Class 3 Bikes: What Do Manufacturers Know That We Don't Know?

AHicks

Well-Known Member
Region
USA
City
Snow Bird - Summer S.E. Michigan, Winter Gulf Coast North Central Fl.
The entire state is open. More miles of trails and acres of state land than any other state. Very clear.
I knew better than this. We have a large crowds of guys regularly making the trek to northern Mi for ATVing and snowmobiling. Every one of them saying there is no (or not enough) PUBLIC land available.

Regardless. It's off topic and a mostly moot point anyway. Lets move on, shall we?
 

GenXrider

Well-Known Member
I mentioned this in another thread, but different states and municipalities can create their own spin on the definition of class 3 or any other class.

"New York will define Class 3 bikes as those with a throttle-activated motor (and allowed only in New York City) with a maximum speed of 25 mph before turning off." Reference:


My class 3 bike also has a throttle.
 

AHicks

Well-Known Member
Region
USA
City
Snow Bird - Summer S.E. Michigan, Winter Gulf Coast North Central Fl.
Uh, yeah. I know people who spent nearly 20 years pushing to build a single trail (or open access to an existing one). Ebikers do need to understand that we've had it really good in how rapidly we have gained access and to how much. It isn't perfect, but its gone (and continues to go) really well.



Sure, all groups are open to more members, and all groups work to get and maintain trails. I disagree with your assertion that there is a widespread "drawbridge mentality". IME you have the most success with advocacy when you build relationships with those existing groups. Their concerns (that these trails were built with non powered use in mind and we would like to bring powered vehicles onto them) are not irrational. Most of them have zero experience with ebikes. If you come in and demand access and try to force it, it isn't going to go well. As I said, a lot of trails were built and are maintained by those groups. Probably 80% of the mtb trails I ride were advocated for, built by and are maintained by the local IMBA affiliate. They do several thousand man-hours of trailbuilding and maintenance per year and have for decades now, and they have tremendous trailbuilding knowledge. That gives them clout. Meeting up with leadership members of that org (I'm friends with a few of them) and letting them ride my ebike is worth more than ten letters to the CPwhatever or a million words typed onto a forum.

As JR has said a few times, land managers are not the enemy. They generally are really passionate about the trails they manage and want to see them being used by the widest range of people possible. Their concerns about ebikes are legitimate. Doesn't mean I think ebikes shouldn't be allowed access, I obviously do. But the process isn't to try a top down forcing of the issue, its to do it the way everyone else does. Build the relationship and demonstrate that we can be good trail users and stewards.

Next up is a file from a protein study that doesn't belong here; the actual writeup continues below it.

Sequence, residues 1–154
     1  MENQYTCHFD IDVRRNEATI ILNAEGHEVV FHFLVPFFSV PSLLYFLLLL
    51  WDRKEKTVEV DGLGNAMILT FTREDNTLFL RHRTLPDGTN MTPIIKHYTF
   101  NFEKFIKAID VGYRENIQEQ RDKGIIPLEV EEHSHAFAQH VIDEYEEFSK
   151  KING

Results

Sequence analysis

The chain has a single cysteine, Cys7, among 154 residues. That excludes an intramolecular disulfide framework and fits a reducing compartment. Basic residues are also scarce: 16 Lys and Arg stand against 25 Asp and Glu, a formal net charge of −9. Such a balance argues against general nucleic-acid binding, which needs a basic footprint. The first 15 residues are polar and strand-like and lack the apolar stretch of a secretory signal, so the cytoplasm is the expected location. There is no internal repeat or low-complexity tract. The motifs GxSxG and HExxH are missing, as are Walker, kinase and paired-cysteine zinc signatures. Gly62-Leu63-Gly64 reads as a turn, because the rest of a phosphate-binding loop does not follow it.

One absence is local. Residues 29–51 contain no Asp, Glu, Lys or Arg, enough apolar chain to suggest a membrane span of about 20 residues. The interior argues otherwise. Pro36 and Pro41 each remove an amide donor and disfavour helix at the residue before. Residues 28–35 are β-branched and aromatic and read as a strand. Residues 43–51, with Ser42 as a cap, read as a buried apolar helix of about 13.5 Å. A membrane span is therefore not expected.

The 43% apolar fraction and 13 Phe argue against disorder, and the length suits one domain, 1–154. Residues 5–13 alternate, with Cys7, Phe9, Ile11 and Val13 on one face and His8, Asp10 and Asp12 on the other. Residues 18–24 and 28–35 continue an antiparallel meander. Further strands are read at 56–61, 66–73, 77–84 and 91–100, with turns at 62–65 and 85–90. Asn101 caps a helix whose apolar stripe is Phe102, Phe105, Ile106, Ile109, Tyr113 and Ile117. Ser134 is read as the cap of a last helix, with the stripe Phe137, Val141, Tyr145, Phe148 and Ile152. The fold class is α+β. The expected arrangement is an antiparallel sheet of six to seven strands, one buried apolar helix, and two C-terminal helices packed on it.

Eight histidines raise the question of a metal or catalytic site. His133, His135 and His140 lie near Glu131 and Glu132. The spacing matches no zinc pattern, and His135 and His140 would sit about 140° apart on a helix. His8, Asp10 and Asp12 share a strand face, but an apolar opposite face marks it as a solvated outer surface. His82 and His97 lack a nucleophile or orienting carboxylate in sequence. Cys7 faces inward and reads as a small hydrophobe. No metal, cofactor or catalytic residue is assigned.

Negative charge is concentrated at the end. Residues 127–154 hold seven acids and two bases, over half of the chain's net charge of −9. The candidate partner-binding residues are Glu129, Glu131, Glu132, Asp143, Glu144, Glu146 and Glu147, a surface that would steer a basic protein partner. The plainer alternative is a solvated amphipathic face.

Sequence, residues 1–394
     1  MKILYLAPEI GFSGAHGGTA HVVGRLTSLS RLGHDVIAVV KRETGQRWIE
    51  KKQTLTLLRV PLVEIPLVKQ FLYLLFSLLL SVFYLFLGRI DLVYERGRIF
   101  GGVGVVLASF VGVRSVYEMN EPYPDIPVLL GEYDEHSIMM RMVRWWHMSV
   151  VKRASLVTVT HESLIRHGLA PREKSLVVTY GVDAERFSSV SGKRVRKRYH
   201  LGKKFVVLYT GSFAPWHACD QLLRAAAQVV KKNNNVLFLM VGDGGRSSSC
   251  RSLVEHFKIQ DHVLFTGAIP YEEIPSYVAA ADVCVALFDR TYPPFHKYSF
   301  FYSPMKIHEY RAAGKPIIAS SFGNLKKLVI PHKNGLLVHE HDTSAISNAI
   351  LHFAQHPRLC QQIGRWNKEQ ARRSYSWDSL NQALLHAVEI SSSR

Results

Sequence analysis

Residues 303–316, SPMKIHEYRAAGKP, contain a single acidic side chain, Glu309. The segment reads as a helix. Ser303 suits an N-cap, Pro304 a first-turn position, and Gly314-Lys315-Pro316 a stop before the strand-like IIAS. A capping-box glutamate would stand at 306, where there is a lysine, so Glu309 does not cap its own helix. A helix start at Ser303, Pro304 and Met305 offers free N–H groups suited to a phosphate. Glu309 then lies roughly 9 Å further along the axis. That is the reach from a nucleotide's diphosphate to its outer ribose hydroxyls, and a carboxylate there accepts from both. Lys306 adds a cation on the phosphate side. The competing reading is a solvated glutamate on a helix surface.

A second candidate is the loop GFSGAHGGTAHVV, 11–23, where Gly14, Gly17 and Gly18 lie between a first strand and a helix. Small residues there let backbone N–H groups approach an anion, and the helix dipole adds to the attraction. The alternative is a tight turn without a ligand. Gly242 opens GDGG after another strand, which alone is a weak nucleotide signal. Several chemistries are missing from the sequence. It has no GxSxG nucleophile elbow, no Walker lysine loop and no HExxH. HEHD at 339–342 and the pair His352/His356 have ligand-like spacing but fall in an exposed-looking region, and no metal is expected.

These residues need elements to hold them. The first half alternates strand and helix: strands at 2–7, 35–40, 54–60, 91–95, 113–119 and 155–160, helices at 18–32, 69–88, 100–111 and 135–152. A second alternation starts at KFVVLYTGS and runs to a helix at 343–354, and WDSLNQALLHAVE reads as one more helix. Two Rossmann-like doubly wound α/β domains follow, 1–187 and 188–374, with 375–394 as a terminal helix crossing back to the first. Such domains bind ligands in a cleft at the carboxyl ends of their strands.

I think we're on the same page, but saying it differently. The bigger idea is to increase the number of bike riders, whatever it takes. There's also the piece though, that should include people with ALL abilities. Anyone that want to ride should be encouraged/allowed to do that. Maybe increased awareness of the potential for easy to get "permits" allowing class 2 bikes to be ridden legally? If the popularity of that permit were grown, perhaps that might lead to an increased awareness of the number of people using them?
 

J.R.

Well-Known Member
Region
USA
I knew better than this. We have a large crowds of guys regularly making the trek to northern Mi for ATVing and snowmobiling. Every one of them saying there is no (or not enough) PUBLIC land available.

Regardless. It's off topic and a mostly moot point anyway. Lets move on, shall we?
I want to move on because this is silly, I have never said any other state is wrong, I didn't mention your state. We tried to get class 2 included with class 1. I've worked for access and we've had success. It was never going to be a complete overnight success.

One complete statement, one complete thought that includes an 'and'.
The entire state is open. More miles of trails and acres of state land than any other state. Very clear.
A thousand acre forest without a trail doesn't help.

Edit: We want the same thing. Because I report what is going on, it doesn't mean i necessarily agree.
 
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RunForTheHills

Well-Known Member
Region
USA
I don't believe that ebike laws are the main factor holding up ebike adoption in the US. The average person doesn't even know what the ebike laws are before they become interested in buying an ebike and maybe not even after they buy one. It is mostly a cultural thing. Infrastructure may help. If there is a bike trail between their house and office, it might make them think about it. Or if a coworker is commuting with an ebike, it could get them interested. However, how many of your coworkers exercise regularly or would consider getting wet riding a bike to work in the rain? How many people that you know get in their car to drive half a mile to 7-11?